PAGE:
Repeat several times on one side, with fluid movement supported Yoga collective by your breath. Repeat on the other side. ADHO MUKHA SVANASANA Stage II, Wall Yoga collective Dog See 63. This pose gives the torso a gentle stretch without bending the spine. FROG Purpose: To stretch and strengthen the hips and legs. Contraindications: Moderate or severe anterior cruciate or meniscal tears, chondromalacia patellae, profound weakness. Prop: A wall. Avoiding pitfalls: Keep your knees facing out over your toes.
Let us recall that constructionism is a crucial part of post-structuralist thinking. In this view signs like yoga’ get their meaning from the surrounding system of signs – not from their inner essence to be found in reality. Constructionism is a relational view about how meaning comes about: the meaning of signs is created through relations to other signs, according to constructionism. Accordingly, a physical book will not have the same meaning for Stone Age man as for us today. We will understand book’ in a context of signs like reading’, paper’, letters’, printing’, spelling, alphabet’, writing’ etc. We don’t know what Stone Age man would perceive – maybe a weird plant or a spirit – but certainly not a book’ as he lacks the surrounding sign system defining it.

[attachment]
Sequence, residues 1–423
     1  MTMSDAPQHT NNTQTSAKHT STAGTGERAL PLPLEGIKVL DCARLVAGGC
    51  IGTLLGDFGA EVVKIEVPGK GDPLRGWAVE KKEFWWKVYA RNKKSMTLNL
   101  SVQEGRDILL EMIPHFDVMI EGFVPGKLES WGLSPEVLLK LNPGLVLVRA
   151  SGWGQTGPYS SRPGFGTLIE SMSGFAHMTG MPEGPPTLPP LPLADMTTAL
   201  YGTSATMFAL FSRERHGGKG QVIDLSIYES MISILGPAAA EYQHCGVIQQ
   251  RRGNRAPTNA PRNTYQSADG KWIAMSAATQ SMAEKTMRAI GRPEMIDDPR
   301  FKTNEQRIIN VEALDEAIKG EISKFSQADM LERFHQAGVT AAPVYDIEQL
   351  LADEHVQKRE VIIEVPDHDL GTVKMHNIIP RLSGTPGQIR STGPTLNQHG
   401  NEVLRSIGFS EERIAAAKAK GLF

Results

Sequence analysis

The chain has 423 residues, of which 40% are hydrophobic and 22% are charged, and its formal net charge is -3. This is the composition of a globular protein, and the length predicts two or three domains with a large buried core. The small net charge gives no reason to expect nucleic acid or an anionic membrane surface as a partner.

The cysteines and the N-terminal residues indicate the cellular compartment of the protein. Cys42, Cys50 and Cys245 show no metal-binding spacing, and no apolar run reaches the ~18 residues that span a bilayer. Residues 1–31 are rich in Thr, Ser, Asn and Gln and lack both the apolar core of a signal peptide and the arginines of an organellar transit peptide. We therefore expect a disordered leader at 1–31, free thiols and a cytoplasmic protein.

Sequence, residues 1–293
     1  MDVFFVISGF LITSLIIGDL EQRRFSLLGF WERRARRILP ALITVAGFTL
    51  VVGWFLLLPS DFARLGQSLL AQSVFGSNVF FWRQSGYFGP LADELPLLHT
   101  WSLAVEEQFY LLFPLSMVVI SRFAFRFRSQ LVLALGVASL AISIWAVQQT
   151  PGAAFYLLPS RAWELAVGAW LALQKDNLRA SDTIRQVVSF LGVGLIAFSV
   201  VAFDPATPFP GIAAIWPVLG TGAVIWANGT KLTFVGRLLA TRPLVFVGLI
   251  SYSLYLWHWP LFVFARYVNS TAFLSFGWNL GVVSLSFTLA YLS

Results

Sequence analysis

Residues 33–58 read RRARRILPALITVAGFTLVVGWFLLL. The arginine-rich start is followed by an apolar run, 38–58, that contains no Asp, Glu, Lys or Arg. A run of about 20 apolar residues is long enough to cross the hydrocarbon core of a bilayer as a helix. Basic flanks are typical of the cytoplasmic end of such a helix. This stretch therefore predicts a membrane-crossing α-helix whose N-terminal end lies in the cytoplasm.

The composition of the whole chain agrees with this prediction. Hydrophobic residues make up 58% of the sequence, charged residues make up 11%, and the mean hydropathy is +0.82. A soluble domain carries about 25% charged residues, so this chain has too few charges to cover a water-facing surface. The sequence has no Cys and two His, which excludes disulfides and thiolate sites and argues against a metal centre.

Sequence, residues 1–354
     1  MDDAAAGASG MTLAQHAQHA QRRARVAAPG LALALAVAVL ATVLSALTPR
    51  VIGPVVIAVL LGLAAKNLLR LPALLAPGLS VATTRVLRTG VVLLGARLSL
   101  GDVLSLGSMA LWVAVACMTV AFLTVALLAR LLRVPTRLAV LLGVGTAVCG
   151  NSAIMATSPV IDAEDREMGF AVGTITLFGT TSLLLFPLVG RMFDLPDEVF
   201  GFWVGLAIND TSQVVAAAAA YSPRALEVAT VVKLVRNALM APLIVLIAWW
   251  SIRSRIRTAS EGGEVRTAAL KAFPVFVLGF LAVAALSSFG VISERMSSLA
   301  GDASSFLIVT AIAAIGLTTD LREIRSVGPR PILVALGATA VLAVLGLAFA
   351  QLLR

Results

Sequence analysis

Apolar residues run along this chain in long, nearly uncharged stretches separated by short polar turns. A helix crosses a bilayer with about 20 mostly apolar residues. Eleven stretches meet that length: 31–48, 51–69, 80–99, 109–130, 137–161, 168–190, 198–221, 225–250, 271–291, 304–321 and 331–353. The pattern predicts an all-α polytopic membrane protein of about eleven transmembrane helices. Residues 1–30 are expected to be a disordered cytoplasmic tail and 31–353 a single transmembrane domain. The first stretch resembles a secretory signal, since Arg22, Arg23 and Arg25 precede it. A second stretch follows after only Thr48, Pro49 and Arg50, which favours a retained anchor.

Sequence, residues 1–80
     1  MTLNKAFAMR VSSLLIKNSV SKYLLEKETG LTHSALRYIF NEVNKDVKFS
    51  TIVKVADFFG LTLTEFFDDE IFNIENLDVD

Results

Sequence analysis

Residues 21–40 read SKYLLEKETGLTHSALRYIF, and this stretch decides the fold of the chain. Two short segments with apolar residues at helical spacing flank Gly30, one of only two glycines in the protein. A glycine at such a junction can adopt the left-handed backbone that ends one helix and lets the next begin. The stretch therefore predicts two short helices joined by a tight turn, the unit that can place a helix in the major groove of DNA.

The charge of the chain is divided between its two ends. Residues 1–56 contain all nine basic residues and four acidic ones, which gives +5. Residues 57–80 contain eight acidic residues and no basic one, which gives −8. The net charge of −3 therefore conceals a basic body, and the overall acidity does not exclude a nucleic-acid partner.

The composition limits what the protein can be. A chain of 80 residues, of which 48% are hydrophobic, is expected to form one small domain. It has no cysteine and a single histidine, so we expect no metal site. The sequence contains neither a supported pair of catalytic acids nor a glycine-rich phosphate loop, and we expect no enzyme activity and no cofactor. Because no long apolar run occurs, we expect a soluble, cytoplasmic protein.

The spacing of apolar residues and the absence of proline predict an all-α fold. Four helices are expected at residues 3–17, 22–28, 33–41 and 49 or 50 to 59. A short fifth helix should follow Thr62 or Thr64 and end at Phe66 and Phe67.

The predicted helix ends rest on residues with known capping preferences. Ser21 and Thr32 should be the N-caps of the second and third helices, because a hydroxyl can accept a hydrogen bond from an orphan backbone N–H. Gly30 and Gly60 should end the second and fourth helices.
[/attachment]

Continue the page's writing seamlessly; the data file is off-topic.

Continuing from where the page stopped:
Such a relational view implies for instance, that the sign kaivalya (aloneness) is defined by its relation to concepts within the Samkhya sign system (purusha, prakriti, tattvas etc), while nirvana (blown out) is related to and defined by Buddhist signs (suffering, wisdom, noself, permanent change). So in this view kaivalya and nirvana – even if they seem very similar – do not get their meaning from a common shared essence X or so-called mystical experience’ to be found in reality, according to Katz 381 . Instead they get their meaning from the discourses of which they are each part. In other words it is all the other core signs of the two different sign systems – Buddhism and Samkhya – which respectively give meaning to nirvana and kaivalya.